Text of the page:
possibility that the Court will quash the conviction. The first empirical study of all stages of decision-making within the Commission, this book starts from the premise that the test applied by the Commission (the real possibility test) is not inflexible. Though created by statute and refined through case law, it must be determined on a case-by-case basis, drawing too on cultural and structural variables, alongside fresh evidence gathered by the Commission.
Through in-depth analysis of case files and interviews the authors scrutinize the Commissions operational practices, its working rules and assumptions, considering how these influence its understanding of the real possibility test. Situating their rich empirical data within a framework of the Commissions social, organizational, and legal contexts, this book demonstrates that in its open-ended investigations there is considerable scope for discretion; for thorough exploration of all possible avenues or for choosing a more superficial consideration of a case. It emerges that while structured internal guidance, drawing heavily on Court jurisprudence, shapes decision-making, creating consistency in approach, there remains some variability across cases, over time, that can be accounted for by the different professional backgrounds and personalities of Commission staff.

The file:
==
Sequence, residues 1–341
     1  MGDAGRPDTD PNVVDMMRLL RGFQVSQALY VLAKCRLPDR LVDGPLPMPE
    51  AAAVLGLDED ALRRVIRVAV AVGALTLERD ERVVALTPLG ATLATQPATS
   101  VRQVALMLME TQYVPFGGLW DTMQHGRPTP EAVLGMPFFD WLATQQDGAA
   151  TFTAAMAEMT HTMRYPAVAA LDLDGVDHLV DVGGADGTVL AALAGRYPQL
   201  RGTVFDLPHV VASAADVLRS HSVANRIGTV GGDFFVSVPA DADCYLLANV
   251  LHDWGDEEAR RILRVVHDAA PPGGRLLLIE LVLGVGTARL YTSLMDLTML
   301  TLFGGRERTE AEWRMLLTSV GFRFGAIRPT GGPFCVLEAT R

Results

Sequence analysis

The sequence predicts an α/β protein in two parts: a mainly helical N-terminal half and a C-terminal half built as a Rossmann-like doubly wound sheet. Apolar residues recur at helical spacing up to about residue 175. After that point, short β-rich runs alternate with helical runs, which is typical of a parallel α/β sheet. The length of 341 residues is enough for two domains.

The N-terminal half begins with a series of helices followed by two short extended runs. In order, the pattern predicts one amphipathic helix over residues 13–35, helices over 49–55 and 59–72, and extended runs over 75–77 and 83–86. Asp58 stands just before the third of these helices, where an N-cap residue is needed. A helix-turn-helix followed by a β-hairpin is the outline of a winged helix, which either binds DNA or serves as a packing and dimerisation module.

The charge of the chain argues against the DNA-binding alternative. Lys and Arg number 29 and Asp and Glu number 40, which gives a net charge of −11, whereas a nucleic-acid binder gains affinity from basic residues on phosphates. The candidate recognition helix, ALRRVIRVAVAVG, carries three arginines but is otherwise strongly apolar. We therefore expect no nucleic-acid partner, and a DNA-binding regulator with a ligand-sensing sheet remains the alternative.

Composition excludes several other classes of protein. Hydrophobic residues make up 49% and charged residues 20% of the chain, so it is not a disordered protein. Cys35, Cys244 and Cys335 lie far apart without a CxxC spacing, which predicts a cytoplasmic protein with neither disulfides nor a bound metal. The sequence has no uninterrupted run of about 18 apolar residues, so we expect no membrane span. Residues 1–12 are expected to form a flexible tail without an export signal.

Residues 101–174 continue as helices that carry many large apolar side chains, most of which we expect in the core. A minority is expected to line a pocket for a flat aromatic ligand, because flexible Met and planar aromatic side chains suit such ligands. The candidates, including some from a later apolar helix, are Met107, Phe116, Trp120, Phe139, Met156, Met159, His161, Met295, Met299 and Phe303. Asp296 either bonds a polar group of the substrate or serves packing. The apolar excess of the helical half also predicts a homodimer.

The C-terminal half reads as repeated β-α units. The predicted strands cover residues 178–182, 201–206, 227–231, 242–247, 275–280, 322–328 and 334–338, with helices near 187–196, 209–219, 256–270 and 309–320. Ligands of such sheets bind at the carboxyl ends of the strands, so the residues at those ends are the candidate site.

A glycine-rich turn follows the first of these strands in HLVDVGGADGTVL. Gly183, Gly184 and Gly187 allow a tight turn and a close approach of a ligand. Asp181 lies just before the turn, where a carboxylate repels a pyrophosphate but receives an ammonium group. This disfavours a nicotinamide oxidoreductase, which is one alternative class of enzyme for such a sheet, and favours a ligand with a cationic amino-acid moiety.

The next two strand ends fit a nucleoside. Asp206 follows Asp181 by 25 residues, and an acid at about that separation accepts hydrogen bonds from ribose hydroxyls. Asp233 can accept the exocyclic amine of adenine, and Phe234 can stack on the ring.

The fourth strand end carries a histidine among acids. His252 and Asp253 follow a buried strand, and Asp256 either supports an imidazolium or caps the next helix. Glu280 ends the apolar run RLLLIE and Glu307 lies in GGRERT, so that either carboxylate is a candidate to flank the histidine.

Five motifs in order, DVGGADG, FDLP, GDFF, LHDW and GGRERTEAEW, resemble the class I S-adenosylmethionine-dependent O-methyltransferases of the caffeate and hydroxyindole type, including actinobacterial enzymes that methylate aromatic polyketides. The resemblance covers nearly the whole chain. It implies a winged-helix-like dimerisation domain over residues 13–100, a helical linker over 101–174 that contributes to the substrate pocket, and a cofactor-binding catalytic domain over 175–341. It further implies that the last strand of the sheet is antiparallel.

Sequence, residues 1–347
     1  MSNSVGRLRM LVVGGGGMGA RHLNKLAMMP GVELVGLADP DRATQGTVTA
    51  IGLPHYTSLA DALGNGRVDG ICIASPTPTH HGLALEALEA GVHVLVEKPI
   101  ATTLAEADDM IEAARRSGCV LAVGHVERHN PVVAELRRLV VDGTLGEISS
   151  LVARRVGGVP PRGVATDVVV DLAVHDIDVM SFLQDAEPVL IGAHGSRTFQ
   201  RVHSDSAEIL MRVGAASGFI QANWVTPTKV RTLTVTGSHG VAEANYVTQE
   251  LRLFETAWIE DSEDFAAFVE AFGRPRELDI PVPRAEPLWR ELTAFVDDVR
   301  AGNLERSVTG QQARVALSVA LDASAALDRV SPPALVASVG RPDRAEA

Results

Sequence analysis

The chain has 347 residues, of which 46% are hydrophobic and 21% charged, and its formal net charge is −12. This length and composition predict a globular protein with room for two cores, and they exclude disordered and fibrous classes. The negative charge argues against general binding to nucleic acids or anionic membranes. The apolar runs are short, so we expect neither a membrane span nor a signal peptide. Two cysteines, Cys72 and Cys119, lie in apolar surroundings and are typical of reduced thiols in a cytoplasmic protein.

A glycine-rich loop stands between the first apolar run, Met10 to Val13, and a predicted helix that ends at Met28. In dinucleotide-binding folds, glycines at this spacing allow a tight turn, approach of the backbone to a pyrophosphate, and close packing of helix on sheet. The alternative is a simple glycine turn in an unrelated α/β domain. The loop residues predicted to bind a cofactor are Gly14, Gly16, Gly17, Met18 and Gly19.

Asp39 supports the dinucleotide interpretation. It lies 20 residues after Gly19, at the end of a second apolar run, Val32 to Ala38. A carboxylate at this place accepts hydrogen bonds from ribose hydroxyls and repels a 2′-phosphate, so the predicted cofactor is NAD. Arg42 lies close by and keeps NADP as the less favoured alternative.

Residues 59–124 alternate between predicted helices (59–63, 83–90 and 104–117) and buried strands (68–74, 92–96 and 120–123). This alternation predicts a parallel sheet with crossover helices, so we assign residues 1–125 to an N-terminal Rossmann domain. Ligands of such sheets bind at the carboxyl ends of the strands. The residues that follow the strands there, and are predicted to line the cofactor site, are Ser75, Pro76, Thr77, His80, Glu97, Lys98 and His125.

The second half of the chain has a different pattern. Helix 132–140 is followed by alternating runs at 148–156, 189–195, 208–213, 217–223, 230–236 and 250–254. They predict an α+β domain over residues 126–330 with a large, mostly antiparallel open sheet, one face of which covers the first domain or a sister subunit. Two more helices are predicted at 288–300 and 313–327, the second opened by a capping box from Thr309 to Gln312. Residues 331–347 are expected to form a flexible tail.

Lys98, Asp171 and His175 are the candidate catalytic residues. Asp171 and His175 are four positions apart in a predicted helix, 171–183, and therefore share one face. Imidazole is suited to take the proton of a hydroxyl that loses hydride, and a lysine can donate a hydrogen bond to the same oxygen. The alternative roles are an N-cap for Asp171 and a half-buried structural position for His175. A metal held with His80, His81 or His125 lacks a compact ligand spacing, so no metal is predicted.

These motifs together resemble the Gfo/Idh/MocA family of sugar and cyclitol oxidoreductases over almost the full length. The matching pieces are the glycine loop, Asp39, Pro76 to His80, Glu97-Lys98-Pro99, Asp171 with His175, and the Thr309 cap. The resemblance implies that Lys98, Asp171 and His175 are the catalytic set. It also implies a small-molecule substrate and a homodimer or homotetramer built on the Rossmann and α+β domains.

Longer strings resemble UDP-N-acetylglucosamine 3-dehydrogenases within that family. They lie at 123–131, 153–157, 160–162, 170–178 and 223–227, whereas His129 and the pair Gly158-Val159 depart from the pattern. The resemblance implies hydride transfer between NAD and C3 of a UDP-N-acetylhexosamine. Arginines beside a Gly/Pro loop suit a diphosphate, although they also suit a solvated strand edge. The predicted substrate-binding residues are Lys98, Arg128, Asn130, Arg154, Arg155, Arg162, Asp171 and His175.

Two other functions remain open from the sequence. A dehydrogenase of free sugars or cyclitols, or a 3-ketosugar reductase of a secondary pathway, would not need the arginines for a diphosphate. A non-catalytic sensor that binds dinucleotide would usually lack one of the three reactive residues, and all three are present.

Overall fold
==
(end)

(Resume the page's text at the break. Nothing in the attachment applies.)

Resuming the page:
A book launch is being held on 31 January 2019 in the Law Faculty. For more information see the event listing.